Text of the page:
Facilitating Risky Play with Young Children

So what is risky play anyway?  Usually found outdoors, risky play happens when children are allowed the time and space to explore and experience variables.  These variables include height, speed and use of tools.  Risky play also includes exploration of rough and tumble play, incorporation of elements such as water, and concepts like getting lost.  The key to successful risky play is that all of these things are tested on the child’s own terms.  

Kids need to figure out their world and one of the ways they do this is to experiment with pushing boundaries and by figuring out what makes them feel comfortable or uncomfortable. As children grow and learn they are developing a relationship with the world around them and also with their bodies.  By allowing children opportunities to explore risky play while in a relatively safe setting, we are providing building blocks for fundamental learning.  Children are enthusiastic learners and want to investigate and explore, question and experiment with everything around them.   They are their own best teachers and risky play opportunities provide children with incredible learning experiences.

An example of “safe” risky play might be giving children space to explore as they learn to climb the sturdy apple tree that is within the childcare play yard.  You will observe that children tend to not go any higher than what makes them comfortable and that each time they can climb a little higher or conquer another branch their confidence soars like an eagle!  They might even take that new-found confidence and use their new skills to teach others how to master the apple tree!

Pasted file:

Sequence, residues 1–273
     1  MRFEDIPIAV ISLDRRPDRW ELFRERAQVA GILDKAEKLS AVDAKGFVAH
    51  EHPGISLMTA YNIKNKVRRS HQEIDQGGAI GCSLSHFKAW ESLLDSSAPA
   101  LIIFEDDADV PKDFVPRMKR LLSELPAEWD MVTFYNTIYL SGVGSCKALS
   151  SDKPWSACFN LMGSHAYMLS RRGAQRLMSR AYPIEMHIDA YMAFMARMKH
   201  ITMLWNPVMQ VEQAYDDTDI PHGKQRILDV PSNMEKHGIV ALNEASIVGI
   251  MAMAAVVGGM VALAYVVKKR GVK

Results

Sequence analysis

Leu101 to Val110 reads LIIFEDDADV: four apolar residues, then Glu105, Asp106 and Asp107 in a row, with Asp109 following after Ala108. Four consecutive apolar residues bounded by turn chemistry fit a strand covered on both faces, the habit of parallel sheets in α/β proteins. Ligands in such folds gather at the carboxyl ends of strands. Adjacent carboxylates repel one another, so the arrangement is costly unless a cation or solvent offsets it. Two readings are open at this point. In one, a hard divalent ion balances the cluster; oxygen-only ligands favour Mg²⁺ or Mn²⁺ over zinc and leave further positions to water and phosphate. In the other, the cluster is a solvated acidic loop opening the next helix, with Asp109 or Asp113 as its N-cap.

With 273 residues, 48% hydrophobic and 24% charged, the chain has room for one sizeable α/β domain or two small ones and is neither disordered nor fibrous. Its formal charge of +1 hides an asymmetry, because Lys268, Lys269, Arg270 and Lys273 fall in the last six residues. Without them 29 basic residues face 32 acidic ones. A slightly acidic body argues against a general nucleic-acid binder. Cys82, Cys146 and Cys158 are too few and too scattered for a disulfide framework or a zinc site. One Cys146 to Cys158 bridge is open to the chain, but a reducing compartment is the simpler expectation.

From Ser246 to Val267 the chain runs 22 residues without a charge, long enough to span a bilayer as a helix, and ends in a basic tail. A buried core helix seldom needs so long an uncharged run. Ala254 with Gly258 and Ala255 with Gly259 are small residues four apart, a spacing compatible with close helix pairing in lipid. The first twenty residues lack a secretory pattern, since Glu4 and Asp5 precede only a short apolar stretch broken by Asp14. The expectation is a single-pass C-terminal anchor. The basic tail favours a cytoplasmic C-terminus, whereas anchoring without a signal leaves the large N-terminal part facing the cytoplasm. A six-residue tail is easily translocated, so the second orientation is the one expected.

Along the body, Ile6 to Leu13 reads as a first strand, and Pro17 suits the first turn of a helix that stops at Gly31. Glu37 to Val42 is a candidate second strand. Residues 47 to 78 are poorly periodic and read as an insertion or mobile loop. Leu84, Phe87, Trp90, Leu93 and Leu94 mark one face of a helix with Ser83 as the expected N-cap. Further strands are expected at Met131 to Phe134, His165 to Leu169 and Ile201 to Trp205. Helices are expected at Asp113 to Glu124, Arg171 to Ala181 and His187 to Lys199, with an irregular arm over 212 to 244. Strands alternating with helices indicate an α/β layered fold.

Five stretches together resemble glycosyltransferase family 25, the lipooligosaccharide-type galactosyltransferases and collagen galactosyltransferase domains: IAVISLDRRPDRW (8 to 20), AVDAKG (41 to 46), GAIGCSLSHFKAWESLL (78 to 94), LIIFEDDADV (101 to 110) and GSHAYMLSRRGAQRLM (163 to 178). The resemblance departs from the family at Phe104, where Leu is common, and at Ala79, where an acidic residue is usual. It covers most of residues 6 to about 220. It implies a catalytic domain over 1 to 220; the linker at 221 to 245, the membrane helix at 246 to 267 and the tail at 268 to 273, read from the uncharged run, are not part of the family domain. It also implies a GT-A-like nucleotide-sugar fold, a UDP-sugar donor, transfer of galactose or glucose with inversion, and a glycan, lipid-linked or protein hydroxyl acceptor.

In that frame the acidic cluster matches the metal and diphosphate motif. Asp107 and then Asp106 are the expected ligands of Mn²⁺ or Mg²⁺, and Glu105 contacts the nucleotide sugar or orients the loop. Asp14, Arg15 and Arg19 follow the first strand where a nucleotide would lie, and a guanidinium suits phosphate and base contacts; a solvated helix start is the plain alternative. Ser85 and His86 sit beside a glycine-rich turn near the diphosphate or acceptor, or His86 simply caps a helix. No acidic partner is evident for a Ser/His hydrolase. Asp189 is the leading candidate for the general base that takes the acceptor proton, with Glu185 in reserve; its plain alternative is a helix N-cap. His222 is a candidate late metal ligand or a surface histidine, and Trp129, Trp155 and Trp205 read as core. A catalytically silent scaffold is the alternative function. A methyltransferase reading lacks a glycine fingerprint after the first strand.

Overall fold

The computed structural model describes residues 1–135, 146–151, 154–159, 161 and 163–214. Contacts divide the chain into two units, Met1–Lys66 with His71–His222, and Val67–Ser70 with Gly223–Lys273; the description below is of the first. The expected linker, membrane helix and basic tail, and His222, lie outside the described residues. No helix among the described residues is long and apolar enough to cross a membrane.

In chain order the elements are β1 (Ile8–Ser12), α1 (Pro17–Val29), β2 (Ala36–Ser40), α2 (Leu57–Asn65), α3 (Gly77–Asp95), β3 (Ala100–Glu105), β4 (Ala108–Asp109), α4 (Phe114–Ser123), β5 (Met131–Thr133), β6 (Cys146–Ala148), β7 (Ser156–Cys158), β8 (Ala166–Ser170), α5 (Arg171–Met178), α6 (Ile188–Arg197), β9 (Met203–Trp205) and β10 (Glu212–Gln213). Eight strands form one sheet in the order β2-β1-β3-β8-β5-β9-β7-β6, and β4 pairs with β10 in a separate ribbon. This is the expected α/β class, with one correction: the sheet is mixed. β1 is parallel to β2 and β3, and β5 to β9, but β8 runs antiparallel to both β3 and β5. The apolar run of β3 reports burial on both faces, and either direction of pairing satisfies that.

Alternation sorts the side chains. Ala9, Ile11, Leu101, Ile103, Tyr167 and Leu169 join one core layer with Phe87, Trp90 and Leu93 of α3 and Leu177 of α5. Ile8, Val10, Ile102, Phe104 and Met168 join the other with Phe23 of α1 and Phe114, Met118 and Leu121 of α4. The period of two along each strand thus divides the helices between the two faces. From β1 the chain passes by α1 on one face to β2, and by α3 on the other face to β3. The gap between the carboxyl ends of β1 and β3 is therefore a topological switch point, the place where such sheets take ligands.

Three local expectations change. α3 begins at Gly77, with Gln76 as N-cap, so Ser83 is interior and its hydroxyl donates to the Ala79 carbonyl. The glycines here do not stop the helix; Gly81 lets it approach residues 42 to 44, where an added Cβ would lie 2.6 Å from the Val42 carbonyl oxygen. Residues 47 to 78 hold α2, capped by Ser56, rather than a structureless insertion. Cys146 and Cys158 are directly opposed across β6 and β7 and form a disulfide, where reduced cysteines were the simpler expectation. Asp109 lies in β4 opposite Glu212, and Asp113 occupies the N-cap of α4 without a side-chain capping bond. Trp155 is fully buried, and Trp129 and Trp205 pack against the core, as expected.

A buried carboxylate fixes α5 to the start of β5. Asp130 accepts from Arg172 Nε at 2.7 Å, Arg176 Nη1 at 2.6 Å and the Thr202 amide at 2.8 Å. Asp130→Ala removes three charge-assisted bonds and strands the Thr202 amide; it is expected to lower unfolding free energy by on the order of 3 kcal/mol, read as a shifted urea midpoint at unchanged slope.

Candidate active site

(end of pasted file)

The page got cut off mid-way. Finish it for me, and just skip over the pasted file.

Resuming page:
The language we use and the way we speak to children is so important.  They hear everything we say and everything we don’t say.  Be sure to use language that empowers the child’s belief that you trust in their ability to do the thing that they are doing.  Supportive language gives children encouragement to climb a little higher try a little harder and enhances their overall experience.  Instead of saying “be careful” try checking in with the child instead and ask them “are you feeling safe there?”  Another way to encourage children to trust themselves might be wonder out loud where they might put their feet or hands from there?  

Sometimes our own personal fears can get in the way of a kid’s great opportunity to check out or do something really cool.  Are you afraid of heights?  Then watching a kiddo climbing up a tall structure or tree might have you on the edge of your seat.  If watching a child ascend to some high height that makes you squirm then you might have a personal safety bias.  

Our own feelings about things can make us say and act in certain ways and because of this it is important to try to put our own fears and concerns on the back burner and instead focus on what is really happening.  Forget about your own personal bias, what is the child’s experience?